Monthly Archives: June 2011

MySpace Sells for $35 Million

It’s amazing how quickly things in life can change.  Just a few short years ago social networking website MySpace was legendary and considered hip amongst the younger generation.  Really, I remember a time when you would meet a person in line at a grocery store, and instead of swapping mobile numbers or even email addresses you would link up on MySpace.  And the socially driven website wasn’t just a hit with run of the mill folk like you and me, either.  Businesses, organizations, and bands from all areas flocked to MySpace as a mechanism to attract and keep up with fans and customers.  Simply put, MySpace was the place to be on the Internet.  Needless to say, the seemingly endless potential of the website was just too much for Rupert Murdoch’s News Corporation who swept up the then-popular website in July of 2005 for an eye-popping $580 million.

Over the years, though, MySpace has gone south in more ways than one.  Even after working to redefine its public image and re-attract user, the company was forced to lay off about 500 employees earlier this year.  Why?  The company simply wasn’t generating enough capital to justify the investments that News Corporation was putting into it.  This said, it shouldn’t come as any surprise that the company sold off MySpace this week to Specific Media for a sum of $35 million.  Sure, it’s a pretty chunk of change, but compared to what the site was worth just years ago I for one think it’s pretty pathetic.

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Firefox Support Cycle Draws Criticism From System Administrators

On June 17th of 2008, three years and less than two weeks ago, Mozilla Corporation released the 3.0 version of the Firefox web browser; a promising and steadily growing web browser than many people, myself included, thought would finally take a stab at the dominance held by Microsoft’s Internet Explorer.  I remember the day well because I, a die-hard Firefox 2 user, sat at my desk constantly refreshing the download page in anticipation of the Firefox 3 release.  Through a thread on Digg (the fact that Digg was still popular at the time probably gives you a better feel for how long ago this was) I found a link to a copy of the setup executable for the then legendary web browser.  Admittedly, I was probably a bit crazy to have been obsessively wasting my time trying to get my hands on the 3.0 release, but I know for a fact that I wasn’t alone.  People from around the world were just as eager as I was to get their hands on the latest offerings as well.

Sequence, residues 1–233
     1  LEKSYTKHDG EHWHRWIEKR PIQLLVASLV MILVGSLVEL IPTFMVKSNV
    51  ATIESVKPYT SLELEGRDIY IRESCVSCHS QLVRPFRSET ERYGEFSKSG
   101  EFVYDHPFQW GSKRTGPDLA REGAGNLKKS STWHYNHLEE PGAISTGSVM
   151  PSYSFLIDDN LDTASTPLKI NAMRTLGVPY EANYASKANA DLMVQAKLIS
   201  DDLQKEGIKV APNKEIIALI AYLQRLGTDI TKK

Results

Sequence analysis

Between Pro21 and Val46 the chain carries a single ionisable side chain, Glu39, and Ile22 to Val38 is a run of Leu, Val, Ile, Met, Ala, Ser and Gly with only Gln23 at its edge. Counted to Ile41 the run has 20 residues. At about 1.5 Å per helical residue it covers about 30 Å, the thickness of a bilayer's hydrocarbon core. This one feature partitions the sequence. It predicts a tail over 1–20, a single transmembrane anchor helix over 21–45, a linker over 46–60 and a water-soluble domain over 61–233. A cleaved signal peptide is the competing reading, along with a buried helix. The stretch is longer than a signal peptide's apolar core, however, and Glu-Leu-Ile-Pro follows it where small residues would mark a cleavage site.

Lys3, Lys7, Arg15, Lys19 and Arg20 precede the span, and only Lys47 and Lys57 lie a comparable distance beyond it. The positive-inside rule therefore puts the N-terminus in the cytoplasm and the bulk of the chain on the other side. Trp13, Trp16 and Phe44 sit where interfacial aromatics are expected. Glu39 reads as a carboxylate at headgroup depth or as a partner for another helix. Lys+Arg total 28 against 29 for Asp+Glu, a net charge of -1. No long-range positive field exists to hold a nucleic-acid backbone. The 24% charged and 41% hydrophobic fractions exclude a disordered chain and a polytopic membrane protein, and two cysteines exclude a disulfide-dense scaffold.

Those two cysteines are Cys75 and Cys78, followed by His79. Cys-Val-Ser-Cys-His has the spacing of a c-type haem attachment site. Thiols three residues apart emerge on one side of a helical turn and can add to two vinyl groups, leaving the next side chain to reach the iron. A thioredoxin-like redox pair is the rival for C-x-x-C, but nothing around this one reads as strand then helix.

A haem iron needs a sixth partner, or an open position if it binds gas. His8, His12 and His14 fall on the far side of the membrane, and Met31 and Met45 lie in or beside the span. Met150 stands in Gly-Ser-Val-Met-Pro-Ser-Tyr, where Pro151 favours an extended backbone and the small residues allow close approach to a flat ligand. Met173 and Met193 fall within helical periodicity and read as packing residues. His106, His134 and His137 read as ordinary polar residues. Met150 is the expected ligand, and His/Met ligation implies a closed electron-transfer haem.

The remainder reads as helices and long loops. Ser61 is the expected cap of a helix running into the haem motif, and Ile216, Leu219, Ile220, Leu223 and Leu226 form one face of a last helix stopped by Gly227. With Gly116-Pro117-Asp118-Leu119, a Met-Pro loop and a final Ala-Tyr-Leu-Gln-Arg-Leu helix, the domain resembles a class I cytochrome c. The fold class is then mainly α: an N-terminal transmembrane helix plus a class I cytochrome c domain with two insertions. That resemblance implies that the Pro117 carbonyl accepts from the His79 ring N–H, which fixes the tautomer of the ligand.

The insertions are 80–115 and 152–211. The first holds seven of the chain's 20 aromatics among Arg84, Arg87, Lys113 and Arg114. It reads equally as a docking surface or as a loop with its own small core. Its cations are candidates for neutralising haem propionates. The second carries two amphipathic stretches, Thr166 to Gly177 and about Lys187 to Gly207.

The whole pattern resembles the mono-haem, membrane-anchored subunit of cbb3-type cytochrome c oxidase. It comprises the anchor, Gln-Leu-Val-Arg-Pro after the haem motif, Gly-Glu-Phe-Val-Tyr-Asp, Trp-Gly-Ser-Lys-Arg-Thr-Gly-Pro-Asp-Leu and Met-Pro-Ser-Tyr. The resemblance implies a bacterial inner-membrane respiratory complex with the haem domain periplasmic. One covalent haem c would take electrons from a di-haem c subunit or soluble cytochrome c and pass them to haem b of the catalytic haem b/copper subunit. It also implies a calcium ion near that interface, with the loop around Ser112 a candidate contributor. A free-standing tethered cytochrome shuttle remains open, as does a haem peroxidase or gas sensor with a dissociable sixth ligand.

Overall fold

What’s my point?  Just over three years ago, the release of a new Firefox version was a big deal; the last major release (2.0) having been released about a year and a half earlier in October of 2006.  But earlier this year, Mozilla introduced a new release cycle that put the release of Firefox 7 on the calendar by the end of 2011. While many have viewed this move as invaluable in competing with the constant releases of Google’s Chrome web browser, the rapid paced release cycle of the software has begun to cause concerns with network and system administrators.

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Formspring Reaches 25 Million Registered Users + Infographic

Formspring, a social network that lets people find out more about each other by asking each other questions has reached the 25 million user mark in just 18 months.  The news of the new milestone is also accompanied by the addition of Sukhinder Singh Cassidy to the company’s Board of Directors.  Singh Cassidy most recently served as the CEO at social commerce site, Polyvore, Inc, she also served as CEO-in-Residence at Accel Partners, and also spent some time at Google as the President of its Asia Pacific and Latin American divisions.

At this time, Formspring has yet to share how it plans to monetize the site.  While the site is still new, it appears the company does have some ideas to continue growth and monetize, so it will be interesting to see how it turns out.  It’s also no secret that the Q&A space is very hot right now, there are a lot of new companies in it and all of them are looking for ways to one-up each other.

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Best Buy Stops MacBook Air Shipments

Best Buy, who is one of Apple’s largest resellers, has stopped the shipment of MacBook Airs, while Amazon says their stock is ‘Low’. This is usually a sign of an upcoming refresh. It seems like it was yesterday that the Air’s got their newer, sexy design, but a refresh is due. The internet has been flooded with rumors of new Airs, Mac Pros, and iMacs possibly coming in July.

The main upgrade for the MacBook Air would be a newer processors, and of course, OSX Lion. The Air is one of my favorite Apple laptops, because they are just so darn sexy. I would most definitely buy a new Air if they are upgraded with a more powerful Sandy Bridge processor from Intel. An upgrade in the Mac Pro line also seems imminent.